Psoriasis is a skin condition that occurs in about 1 in 50 people, most often affecting the elbows, groin, knees, lower back and scalp. Treatment typically involves creams for your skin, but sometimes light therapy or an oral medication are prescribed. Although certain vitamins may have beneficial effects, you shouldn't take vitamin supplements without first consulting your doctor to make sure they would be safe for you.
Vitamins in Topical Treatments
A study published in November 2002 in the journal Cutis found that using a topical solution containing a form of vitamin D called calcipotriene can be helpful for treating scalp psoriasis. Other forms of vitamin D-based topical treatments include those containing calcitriol and tacalcitol. These vitamin D-based treatments are thought to slow down the growth of skin cells.
Vitamin A-based topical treatments are also available, including tazarotene, but this treatment shouldn't be used during pregnancy or breast-feeding. Tazarotene may help slow down the shedding and growth of skin cells and help limit your psoriasis symptoms, especially when used in combination with light therapy and corticosteroids.
Vitamins Taken Orally
In some cases, prescription forms of vitamins A and D are taken orally for psoriasis. These include the retinoid acitretin, which is a form of vitamin A.
Although research is limited on the benefits, some people take vitamin D supplements with the aim of limiting the inflammation caused by psoriasis.
The University of Maryland Medical Center doesn't recommend taking supplements of vitamins A or D for psoriasis, however, as they aren't in high enough amounts to be effective, and if used in combination with other vitamin-based treatments, they may result in toxicity symptoms.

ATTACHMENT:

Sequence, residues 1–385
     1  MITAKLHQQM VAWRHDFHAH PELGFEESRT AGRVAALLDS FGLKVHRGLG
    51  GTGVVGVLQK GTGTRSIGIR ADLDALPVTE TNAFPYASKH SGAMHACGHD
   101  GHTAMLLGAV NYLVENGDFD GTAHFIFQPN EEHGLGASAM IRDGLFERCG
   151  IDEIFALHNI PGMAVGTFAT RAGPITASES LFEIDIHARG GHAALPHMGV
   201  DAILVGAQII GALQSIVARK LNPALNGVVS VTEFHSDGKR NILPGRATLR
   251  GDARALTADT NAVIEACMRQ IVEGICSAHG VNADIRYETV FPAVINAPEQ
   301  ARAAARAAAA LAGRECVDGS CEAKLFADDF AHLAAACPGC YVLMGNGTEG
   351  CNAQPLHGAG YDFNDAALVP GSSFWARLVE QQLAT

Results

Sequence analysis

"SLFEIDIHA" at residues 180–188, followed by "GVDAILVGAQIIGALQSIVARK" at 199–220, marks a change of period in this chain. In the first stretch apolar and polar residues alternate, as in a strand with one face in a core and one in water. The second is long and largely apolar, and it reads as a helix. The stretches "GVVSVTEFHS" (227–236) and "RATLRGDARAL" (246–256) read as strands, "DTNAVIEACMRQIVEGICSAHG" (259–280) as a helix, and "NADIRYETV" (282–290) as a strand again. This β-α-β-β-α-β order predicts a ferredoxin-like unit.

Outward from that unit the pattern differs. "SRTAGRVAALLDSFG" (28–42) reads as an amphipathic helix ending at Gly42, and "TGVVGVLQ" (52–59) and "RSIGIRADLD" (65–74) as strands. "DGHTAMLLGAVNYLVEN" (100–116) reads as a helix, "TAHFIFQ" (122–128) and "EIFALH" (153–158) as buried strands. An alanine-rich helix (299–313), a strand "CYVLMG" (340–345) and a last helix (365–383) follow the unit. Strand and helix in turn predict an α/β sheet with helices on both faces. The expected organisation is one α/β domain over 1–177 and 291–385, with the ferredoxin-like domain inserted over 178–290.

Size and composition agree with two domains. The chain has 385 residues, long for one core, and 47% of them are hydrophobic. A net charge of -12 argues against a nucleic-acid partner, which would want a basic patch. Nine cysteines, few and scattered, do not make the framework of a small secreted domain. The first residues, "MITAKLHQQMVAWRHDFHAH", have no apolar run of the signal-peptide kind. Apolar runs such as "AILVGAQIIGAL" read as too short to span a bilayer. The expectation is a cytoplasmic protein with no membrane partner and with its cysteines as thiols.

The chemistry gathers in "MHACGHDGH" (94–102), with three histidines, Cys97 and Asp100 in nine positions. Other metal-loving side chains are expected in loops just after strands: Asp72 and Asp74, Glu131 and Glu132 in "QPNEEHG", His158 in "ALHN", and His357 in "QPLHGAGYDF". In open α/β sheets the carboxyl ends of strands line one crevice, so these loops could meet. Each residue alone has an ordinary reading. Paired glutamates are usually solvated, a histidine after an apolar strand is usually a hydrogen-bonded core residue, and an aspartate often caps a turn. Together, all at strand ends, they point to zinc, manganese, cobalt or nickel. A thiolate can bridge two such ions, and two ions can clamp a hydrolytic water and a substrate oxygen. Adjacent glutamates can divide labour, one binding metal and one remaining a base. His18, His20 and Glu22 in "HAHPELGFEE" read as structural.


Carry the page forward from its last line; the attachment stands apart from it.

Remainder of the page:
Both vitamins A and D are fat-soluble vitamins, so when taken in large doses they can build up to dangerous levels in your body. Only use large amounts of vitamins A and D to treat your psoriasis if advised to do so by your doctor.
Another Potentially Beneficial Nutrient
Omega-3 fats, found in fish, soy, nuts, seeds and some vegetable oils, may help limit inflammation and other symptoms of psoriasis, but the evidence for this is still limited and conflicting. Avoid fish oil supplements if you take blood thinners, as they could increase your risk for bleeding. Eating fish at least twice a week will help you get enough omega-3 fats, especially if you choose fatty fish such as salmon, herring, tuna, mackerel and sardines.
Other Beneficial Dietary Changes
Vegetarian diets and reduced-calorie diets may help limit the symptoms of psoriasis, according to an article published in the British Journal of Dermatology in October 2005. People with psoriasis may also be more likely to be sensitive to gluten, so a gluten-free diet may be beneficial in some cases.
Avoid simple sugars, diets high in saturated fat and alcohol if you have psoriasis, recommends the University of Maryland Medical Center.
- National Psoriasis Foundation: Vitamins and Supplements
- Cutis: Vitamin D and Scalp Psoriasis
- Patient.co.uk: Psoriasis
- University of Maryland Medical Center: Psoriasis
- British Journal of Dermatology: Diet and Psoriasis: Experimental Data and Clinical Evidence
- Colorado State University Extension: Omega-3 Fatty Acids